Homstead wowa 120+yr old barn with trolley and hewed beams inside that go into each other I also I vision this orchard that is 120+ years old being utilized cuz last year the apples were Amazing with 12 orchard trees I'm so happy they made it through the two rare ice storms we had here last year in linn/lane county Oregon
image.jpg
[Thumbnail for image.jpg]
Orchard over 100 years old producing amazing fruit
 
Dave Burton
pollinator
Posts: 1141
Location: Greater Houston, TX US Hardy:9a Annual Precipitation: 44.78" Wind:13.23mph Temperature:42.5-95F
146
bike books forest garden tiny house transportation urban
  • Likes 1
  • Mark post as helpful
  • send pies
  • Quote
  • Report post to moderator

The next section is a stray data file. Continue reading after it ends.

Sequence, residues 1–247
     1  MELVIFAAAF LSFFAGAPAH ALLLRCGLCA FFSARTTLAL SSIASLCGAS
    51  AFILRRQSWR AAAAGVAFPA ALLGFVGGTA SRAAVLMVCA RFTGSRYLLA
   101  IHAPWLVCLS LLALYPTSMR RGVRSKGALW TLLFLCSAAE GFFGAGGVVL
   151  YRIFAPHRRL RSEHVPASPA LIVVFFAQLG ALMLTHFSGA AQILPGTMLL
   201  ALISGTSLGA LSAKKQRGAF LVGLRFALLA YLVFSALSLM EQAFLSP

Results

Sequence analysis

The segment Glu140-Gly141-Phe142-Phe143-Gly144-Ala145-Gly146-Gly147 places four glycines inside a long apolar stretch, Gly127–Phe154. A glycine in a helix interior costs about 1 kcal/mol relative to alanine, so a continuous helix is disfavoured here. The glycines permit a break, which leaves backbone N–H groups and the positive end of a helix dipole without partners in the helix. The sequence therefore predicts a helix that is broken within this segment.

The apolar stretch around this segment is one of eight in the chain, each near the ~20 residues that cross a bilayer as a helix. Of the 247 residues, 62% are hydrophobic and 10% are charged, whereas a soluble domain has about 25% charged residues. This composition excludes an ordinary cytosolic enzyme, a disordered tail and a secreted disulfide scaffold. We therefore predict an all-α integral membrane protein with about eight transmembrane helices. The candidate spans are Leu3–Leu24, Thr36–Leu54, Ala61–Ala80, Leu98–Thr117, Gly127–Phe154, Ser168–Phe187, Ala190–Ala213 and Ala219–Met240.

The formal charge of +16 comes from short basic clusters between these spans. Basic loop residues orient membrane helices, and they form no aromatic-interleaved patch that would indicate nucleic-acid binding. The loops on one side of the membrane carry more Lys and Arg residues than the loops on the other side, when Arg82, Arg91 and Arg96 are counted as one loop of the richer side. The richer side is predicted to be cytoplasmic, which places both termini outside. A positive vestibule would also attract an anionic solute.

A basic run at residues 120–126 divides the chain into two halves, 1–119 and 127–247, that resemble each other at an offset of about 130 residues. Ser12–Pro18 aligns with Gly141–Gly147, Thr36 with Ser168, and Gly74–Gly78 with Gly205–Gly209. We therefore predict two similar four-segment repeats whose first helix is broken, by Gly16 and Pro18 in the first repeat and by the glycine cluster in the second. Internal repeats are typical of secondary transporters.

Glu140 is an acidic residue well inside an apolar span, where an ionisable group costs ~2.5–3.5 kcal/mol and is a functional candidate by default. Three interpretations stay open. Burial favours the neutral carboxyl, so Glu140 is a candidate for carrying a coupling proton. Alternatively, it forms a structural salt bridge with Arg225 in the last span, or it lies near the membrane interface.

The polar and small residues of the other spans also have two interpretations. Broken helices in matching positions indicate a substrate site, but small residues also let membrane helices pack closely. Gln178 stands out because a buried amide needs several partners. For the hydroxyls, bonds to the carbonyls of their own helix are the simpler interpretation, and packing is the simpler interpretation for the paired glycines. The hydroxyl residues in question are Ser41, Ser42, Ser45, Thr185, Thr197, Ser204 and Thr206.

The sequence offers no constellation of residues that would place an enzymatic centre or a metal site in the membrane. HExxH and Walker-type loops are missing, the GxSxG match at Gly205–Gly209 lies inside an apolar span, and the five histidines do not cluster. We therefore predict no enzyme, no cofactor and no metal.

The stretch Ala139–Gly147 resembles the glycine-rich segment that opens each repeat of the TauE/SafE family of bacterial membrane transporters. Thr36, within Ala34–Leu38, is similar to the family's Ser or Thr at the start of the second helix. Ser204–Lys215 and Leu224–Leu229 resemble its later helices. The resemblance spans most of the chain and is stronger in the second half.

Since you plan on making black walnut guilds, it is worth noting that there are many plants that can survive and thrive in the allopathic compounds that it produces. Rob Scott published an article online here about black walnut guilds because he felt that the plant got too much of a bad rep for producing allopathic compounds. The people at Midwest Permaculture have been very generous to the public, and they have allowed people to read and download their eBook on plant guilds for free. The book is called Plant Guilds, and it was written by Bryce Ruddock. This book will be posted in the resources section of the forum so more people know this is out there for free. The Black Walnut Guild is described by them on page 21 of their eBook.
 
pollinator
Posts: 1223
Location: northern northern california
87
  • Mark post as helpful
  • send pies
  • Quote
  • Report post to moderator
just a quick post because i am feeling sad for that strangled maple tree- i dont have many plant enemies but ivy is one of the only ones.